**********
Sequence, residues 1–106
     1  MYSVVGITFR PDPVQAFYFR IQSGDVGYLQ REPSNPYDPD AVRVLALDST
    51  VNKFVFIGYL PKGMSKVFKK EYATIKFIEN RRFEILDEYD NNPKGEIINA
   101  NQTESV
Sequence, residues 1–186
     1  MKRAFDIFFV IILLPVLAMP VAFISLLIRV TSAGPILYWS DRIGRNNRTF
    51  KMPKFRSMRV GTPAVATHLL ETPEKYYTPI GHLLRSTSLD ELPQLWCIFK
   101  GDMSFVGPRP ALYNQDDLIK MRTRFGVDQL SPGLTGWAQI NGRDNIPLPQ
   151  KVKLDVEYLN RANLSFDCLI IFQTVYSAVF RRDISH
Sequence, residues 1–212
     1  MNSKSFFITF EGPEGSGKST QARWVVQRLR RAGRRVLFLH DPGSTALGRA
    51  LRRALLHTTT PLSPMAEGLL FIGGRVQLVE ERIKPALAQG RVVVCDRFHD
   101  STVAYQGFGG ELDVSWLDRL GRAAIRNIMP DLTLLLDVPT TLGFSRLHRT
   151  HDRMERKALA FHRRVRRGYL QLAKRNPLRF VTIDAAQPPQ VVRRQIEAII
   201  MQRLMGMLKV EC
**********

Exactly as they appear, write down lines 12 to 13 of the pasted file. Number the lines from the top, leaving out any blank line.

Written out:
    51  LRRALLHTTT PLSPMAEGLL FIGGRVQLVE ERIKPALAQG RVVVCDRFHD
   101  STVAYQGFGG ELDVSWLDRL GRAAIRNIMP DLTLLLDVPT TLGFSRLHRT